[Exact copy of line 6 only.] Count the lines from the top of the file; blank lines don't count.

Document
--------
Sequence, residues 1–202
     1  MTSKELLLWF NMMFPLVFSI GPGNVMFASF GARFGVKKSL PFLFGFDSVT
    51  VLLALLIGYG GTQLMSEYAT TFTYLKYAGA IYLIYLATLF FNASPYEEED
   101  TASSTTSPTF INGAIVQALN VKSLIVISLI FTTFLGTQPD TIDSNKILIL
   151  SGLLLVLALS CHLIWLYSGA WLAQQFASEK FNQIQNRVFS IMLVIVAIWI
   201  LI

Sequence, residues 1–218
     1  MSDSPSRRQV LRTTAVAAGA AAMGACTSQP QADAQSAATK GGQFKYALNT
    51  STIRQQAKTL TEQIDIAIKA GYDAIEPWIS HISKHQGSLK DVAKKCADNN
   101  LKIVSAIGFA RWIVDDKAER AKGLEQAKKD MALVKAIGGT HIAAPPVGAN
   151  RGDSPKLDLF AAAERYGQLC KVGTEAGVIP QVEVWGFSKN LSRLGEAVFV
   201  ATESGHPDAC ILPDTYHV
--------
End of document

   201  LI